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Author Topic: JP2 big end bolts  (Read 852 times)

Seedyh

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JP2 big end bolts
« on: March 08, 2022, 05:35:21 PM »
I'm rebuilding an early (32/33) JP2 and hope someone can advise on big end bolt tightness.  Having tightened according to the book and loosened the two bolts by one half turn they are now loose!  This surely cannot be right?  All other engines I have worked on all bolts are torqued equally.

Another query - the piston scraper ring is narrow and unslotted but tapered on one side. Is it taper up or down?
Many thanks

cobbadog

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Re: JP2 big end bolts
« Reply #1 on: March 09, 2022, 05:21:48 AM »
Hi Seedyh,
The torque setting should not be loosened once set and is why you have slack. What did you read that advised that to be done so it can be corrected. Whenever I need torque settings and don't have a manual I simply Google the bolt size and thread pitch in torque settings and that will always be right on the money as torques settings are mostly done by the bolt size.
I have never heard of torquing a bolt then loosen it, very strange indeed.
As for the taper on the oil ring. This is something best left to someone with a manual but at a guess I would face it down so it scrapes the bore and the oil back to the sump. BUT wait until someone who does know the answer to this please.
What will you be doing with the engine once you have it running? Always good to see some pictures of projects as well but they must be compressed to load up onto the Forum.
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Diesel Engineering

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Re: JP2 big end bolts
« Reply #2 on: March 10, 2022, 07:57:26 AM »
According to the parts book the piston is fitted with 4 rings. The top ring is tapered, the next  2 are normal rings and the 4th is a slotted scraper ring.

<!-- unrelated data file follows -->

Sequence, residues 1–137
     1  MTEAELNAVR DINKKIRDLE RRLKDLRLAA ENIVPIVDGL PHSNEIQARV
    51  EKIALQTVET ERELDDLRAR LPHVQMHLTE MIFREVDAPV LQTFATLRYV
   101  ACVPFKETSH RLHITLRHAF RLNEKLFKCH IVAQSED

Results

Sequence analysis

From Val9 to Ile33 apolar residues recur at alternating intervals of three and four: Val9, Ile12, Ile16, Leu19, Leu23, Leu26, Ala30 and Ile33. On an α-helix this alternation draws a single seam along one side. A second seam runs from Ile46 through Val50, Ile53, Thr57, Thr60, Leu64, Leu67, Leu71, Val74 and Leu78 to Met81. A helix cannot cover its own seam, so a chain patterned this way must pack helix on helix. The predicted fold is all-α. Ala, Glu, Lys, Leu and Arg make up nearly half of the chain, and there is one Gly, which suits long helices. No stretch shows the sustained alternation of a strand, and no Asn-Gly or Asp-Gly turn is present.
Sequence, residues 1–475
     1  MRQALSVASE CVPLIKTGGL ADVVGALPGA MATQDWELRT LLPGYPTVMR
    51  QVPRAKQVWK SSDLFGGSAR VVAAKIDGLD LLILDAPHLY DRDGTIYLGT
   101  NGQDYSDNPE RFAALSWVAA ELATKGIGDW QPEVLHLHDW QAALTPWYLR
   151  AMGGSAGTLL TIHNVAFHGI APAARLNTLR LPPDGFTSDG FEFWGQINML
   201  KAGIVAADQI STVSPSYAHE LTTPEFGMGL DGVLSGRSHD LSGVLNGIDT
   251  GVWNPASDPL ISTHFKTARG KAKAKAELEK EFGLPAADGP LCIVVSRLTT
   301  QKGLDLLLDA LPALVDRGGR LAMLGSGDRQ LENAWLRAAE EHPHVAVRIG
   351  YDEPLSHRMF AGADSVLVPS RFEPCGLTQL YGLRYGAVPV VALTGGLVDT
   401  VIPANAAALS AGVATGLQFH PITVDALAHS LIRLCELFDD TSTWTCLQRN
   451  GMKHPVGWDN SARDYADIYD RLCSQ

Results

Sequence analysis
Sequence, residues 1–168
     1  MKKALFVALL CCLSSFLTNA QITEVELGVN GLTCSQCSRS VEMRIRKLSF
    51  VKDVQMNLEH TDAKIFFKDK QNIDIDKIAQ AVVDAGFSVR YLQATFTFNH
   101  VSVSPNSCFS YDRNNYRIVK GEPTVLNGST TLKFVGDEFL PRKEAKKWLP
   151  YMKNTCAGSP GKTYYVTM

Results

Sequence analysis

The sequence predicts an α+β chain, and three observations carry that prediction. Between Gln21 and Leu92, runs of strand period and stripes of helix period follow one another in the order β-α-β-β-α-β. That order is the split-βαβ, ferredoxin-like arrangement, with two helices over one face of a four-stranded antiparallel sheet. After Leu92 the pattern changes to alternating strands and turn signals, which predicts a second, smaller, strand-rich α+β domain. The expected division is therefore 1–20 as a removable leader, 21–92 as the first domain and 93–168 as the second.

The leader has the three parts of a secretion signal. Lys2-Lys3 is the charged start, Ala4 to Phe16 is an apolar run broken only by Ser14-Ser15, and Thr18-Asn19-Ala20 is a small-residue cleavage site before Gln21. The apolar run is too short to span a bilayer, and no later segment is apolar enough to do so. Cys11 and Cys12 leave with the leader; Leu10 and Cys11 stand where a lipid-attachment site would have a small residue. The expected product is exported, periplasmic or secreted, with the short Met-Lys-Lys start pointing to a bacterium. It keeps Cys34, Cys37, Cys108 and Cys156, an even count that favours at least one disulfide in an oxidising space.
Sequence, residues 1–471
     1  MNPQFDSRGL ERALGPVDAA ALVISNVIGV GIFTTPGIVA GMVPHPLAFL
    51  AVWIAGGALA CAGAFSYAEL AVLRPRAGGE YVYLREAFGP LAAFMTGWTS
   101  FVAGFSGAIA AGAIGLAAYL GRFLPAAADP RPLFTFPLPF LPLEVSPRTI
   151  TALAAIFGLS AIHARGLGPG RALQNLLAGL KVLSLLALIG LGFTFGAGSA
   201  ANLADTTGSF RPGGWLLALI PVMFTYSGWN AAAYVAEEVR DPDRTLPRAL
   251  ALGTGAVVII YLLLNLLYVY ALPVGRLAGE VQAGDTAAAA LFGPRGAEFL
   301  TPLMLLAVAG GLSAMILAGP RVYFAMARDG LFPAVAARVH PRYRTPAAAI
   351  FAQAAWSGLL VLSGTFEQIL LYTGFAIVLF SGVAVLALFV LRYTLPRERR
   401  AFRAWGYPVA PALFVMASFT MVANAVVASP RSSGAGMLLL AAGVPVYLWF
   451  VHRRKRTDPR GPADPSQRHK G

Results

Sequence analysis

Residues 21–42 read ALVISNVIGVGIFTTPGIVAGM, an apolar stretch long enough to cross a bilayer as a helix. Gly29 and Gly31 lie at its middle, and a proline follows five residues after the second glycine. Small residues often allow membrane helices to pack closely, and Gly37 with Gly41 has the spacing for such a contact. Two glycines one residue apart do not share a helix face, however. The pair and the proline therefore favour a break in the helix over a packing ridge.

The big ends are not a straight forward fit like the more modern engines especially if new bearings are being fitted. It is important to check the clearances as they may need scraping to get to the correct clearance.

cobbadog

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Re: JP2 big end bolts
« Reply #3 on: March 10, 2022, 10:29:00 AM »
Now the tapered ring makes sense going on the top groove to avoid hitting any lip that may be there.
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mobile_bob

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Re: JP2 big end bolts
« Reply #4 on: March 10, 2022, 02:04:02 PM »
this tapered ring question is interesting, at least to me...

my experience tells me that i would want the larger diameter (taper up) for the top ring
the reason being is that i would not want the pressure from compression and firing to be able to get between the taper and the bore, otherwise it would want to lift the ring off the bore.

all i have ever seen with other engines places the taper so that it scrapes up toward the cylinder head.

however having said all this, i would be interested to see a reference to what this manufacture has to say on the subject, and maybe their thinking as well?

i am with cobbadog when it comes to torquing, i can't remember any reference relating to torque where one is directed to torque to a set point then back off.  however there is a "torque turn" method somewhat widely used, where you torque to a specific rate, and then advance (tighten further) by some specified amount, such as 120 degrees or some other amount.

i also agree that short of having a specified torque for a bolt from a manual, i would do as cobbadog states, google the size of the bolt (also grade and thread pitch) and get a torque rating and go with that. that generally will get you well within the tolerance given by the manufacture.

fwiw
bob g

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Seedyh

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Re: JP2 big end bolts
« Reply #5 on: March 10, 2022, 04:47:54 PM »